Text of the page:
UCD’s first ever Slutwalk, which was organised by the college’s students union and the college’s Ents office, will see students march across campus wearing “whatever makes them feel good” to promote the message that, “consent can never be implied or assumed from a person’s clothing.”
The event aims to tackle the, “misguided belief that clothes are an invitation addressed to you for sex or sexual comment.”
“My clothes are not my consent is our slogan for this slutwalk. Clothes aren’t an invitation addressed to you for sex or for sexual comments. Too many young people in Ireland are being verbally harassed on Irish streets— whether they’re on the way to Diceys or Prhomo— and the problem is this idea of invitation, this idea of “asking for it”.
“Unless I ask you to have sex, I’m not asking for it and I’ve a right to go about my day or my night without being harassed because of your misguided notions of consent. There’s a lot of work to be done on these misguided notions in relation to sexual consent in this country,” UCDSU Vice President Hazel Beattie said.
In a statement ahead of the demonstration, the union called on students to march “loud and proud” in solidarity with the rising number of people experiencing sexual harassment on Irish streets.
“March in solidarity with anyone who’s had the word “slut” thrown at them from across the street whilst walking home, with anyone who’s been made feel unsafe or ashamed by shouted insults.
Support each other in a massive stride of pride across campus and celebrate your freedom to dress in whatever way makes you feel happy without getting abused for it,” the union said.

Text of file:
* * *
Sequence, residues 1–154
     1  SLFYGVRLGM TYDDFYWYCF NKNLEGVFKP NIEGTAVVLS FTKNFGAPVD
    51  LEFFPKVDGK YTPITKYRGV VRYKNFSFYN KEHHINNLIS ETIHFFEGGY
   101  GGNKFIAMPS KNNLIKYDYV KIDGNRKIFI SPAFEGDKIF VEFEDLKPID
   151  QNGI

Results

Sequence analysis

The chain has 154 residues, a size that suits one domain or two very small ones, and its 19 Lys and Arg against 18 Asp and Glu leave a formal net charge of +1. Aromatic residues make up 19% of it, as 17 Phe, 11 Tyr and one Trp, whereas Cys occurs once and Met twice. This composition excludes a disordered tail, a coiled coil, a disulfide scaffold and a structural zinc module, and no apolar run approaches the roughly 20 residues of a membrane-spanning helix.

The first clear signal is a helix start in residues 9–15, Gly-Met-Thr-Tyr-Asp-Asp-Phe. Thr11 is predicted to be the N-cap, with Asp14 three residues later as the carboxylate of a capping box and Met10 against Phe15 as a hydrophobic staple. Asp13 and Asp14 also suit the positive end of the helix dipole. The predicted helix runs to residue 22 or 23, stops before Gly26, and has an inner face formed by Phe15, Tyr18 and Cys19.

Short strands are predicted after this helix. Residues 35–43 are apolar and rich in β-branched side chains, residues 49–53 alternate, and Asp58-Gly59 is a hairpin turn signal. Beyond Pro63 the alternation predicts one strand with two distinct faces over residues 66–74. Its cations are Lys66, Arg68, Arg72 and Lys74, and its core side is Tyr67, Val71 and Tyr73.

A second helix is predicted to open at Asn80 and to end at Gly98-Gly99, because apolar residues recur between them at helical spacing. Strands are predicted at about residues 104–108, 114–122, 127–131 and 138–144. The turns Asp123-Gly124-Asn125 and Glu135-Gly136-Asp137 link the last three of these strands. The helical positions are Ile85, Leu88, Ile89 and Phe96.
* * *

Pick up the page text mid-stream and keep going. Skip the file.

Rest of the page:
Ms.O’Neill, who received wide-spread praise following the release of her book ‘Asking For It’, also said she was “looking forward” to the event, which comes as part of the UCDSU’s #NotAskingForIt campaign.
Speaking about the novel, which tackles the issue of sexual consent, she told TheJournal.ie that she wanted readers to finish the novel “absolutely furious” at the treatment of lead character and assault victim Emma.
“I wanted the reader to finish this book and be absolutely furious.
“Furious about what happened to Emma, furious about our low rate of rape conviction, furious at the fact the victim is blamed. That rage is the only way change is going to be enacted,” she commented.
UCD Student Sorcha Murphy regularly experiences sexual harassment and said that it “just has to stop.”
“This is so important and I can’t wait for it. I deal with sexual harassment almost weekly because of what I wear and it just has to stop,” she commented.
Eleanor Blundell added that she “was debating whether to go to this or not but after getting cat called on the way home from college I’m definitely going.”
Student union President Marcus O’Halloran and Vice President Hazel Beattie will attend the demonstration alongside representatives from the National Women’s Council of Ireland, the Dublin Rape Crisis Centre and Rape Crisis Network Ireland.
The event will take place tomorrow at 1pm in UCD, with participants being invited to gather in the college’s student centre before the march officially commences.